The hidden side of my brain injury

Almost three years after a speedway racing accident left him with a serious brain injury, teenager Sam shares what life is like now, and how he manages the more hidden effects of his injury.

Sam stood with his new GT140 bike

Published: May 2022. Date of brain injury: June 2019 (young person aged 15 years).

Sam was a speedway rider with the Mildenhall Fen Tigers team when he had a serious crash at the British Youth Championships in Glasgow in June 2019.

Now 18, Sam is learning to drive – having already passed his theory test – and has returned to the racetrack. However, this is challenging, as Sam continues to manage the hidden effects of his brain injury on a daily basis.

Living with a brain injury

In this video Sam talks about how he is still affected and offers advice to other young people living with a brain injury.

Sometimes I struggle to find the right words… but I try and stay positive!”

Strategies to manage hidden effects

In June 2021, Sam won his first competitive race since his accident. While in training for the next one, Sam has put strategies in place to cope with the physicality the sport requires at his level. He limits his use of technology in the days leading up to a race and makes sure he is well rested by going to bed early.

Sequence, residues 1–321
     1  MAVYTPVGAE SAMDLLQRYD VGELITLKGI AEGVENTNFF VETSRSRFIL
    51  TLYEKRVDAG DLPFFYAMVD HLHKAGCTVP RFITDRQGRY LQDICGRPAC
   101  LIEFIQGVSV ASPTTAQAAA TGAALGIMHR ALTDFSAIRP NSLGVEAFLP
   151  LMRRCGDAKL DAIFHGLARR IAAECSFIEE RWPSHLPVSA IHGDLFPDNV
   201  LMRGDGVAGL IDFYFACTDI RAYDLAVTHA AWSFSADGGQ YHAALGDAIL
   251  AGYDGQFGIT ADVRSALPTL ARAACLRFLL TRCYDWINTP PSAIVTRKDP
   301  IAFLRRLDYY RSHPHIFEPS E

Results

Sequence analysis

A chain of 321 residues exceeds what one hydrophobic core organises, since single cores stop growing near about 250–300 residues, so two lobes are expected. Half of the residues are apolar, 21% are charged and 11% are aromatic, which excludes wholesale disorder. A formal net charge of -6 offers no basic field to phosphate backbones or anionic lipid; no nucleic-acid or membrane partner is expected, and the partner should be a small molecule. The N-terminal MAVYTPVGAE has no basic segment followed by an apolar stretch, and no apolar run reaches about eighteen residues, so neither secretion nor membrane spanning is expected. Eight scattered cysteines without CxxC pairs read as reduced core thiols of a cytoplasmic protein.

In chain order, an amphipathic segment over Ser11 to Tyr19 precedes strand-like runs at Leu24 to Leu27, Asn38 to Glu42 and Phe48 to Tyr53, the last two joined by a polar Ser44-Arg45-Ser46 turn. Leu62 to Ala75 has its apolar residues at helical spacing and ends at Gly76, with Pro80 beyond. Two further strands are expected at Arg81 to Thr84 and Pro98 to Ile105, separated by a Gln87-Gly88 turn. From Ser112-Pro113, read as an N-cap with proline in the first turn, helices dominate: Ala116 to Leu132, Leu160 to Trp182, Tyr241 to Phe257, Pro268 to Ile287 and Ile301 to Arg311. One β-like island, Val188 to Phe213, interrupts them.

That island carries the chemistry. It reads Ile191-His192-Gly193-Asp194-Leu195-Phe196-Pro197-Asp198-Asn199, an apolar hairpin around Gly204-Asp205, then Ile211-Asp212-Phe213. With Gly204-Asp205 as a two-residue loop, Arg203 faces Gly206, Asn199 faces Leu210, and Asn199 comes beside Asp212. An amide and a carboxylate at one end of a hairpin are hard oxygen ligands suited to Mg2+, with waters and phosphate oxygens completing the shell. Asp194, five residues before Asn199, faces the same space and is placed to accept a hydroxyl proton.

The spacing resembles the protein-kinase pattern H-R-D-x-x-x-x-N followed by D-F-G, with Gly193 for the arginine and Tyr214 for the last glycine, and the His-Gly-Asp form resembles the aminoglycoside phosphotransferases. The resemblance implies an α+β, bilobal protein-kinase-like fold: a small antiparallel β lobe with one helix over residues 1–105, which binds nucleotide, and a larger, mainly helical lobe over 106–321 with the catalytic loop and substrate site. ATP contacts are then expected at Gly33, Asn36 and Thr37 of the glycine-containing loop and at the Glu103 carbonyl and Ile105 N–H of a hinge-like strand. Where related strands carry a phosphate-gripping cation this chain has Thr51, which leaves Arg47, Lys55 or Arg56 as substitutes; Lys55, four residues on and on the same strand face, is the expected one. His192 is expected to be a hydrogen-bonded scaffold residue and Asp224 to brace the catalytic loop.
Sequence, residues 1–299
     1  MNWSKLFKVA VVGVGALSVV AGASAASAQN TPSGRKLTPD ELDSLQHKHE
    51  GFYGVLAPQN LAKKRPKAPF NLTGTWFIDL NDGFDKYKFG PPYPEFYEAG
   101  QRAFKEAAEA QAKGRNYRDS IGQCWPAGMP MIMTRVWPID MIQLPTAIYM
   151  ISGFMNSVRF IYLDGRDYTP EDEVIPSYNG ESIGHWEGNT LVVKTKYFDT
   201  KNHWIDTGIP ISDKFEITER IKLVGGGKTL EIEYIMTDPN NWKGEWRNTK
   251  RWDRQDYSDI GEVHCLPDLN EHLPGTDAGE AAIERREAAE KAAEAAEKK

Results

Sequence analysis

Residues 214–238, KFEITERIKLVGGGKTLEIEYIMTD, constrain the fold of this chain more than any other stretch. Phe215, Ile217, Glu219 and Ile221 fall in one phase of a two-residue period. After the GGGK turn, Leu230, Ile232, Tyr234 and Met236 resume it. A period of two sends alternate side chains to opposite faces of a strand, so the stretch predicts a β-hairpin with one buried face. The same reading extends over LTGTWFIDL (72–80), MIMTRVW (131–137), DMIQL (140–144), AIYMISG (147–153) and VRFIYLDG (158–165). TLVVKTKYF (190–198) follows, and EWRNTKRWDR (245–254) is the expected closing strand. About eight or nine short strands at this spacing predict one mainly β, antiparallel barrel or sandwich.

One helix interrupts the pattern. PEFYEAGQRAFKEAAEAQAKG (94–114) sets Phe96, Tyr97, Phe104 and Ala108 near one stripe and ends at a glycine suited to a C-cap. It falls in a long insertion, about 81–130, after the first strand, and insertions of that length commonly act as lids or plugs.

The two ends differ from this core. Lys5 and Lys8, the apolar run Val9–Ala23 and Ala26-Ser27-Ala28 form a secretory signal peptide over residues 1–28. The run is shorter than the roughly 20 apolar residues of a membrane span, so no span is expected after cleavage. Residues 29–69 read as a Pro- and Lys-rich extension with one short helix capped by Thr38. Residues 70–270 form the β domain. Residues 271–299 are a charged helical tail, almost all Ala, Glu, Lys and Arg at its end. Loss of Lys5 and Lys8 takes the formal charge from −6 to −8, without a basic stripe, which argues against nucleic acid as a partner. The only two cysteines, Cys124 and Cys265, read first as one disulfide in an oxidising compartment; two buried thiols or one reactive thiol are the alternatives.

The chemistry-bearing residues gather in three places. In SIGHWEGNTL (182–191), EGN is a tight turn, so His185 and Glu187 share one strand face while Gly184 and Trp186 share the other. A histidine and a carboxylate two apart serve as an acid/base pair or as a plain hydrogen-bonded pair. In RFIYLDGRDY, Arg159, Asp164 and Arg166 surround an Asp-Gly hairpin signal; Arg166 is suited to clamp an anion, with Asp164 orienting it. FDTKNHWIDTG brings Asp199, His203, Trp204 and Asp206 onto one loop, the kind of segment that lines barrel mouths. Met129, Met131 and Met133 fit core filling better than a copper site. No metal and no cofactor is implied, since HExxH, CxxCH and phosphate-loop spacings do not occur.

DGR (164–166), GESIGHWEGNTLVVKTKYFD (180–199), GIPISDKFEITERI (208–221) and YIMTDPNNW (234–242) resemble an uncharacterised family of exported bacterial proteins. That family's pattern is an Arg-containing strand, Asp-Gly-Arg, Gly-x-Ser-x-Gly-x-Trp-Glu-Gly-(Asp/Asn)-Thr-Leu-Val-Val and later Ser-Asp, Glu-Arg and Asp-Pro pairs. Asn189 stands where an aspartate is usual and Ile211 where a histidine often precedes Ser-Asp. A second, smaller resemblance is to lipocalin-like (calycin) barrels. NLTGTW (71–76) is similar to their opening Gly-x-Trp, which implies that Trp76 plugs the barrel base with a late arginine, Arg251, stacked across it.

Day to day, Sam is enjoying working towards his apprenticeship in motor vehicles at a local garage – Acorn Garage. Due to his fatigue, he must take regular rest breaks and finish an hour early, but he always returns home with a smile on his face and is determined to develop his knowledge and skill within the industry.

You might end up going a different way than you wanted to, but you will get there in the end.”

You can find out more about Sam’s story here.

Approaching adulthood

Our section on moving towards adulthood looks at employment, driving and alcohol after an acquired brain injury. You'll find some practical advice, along with things to think about.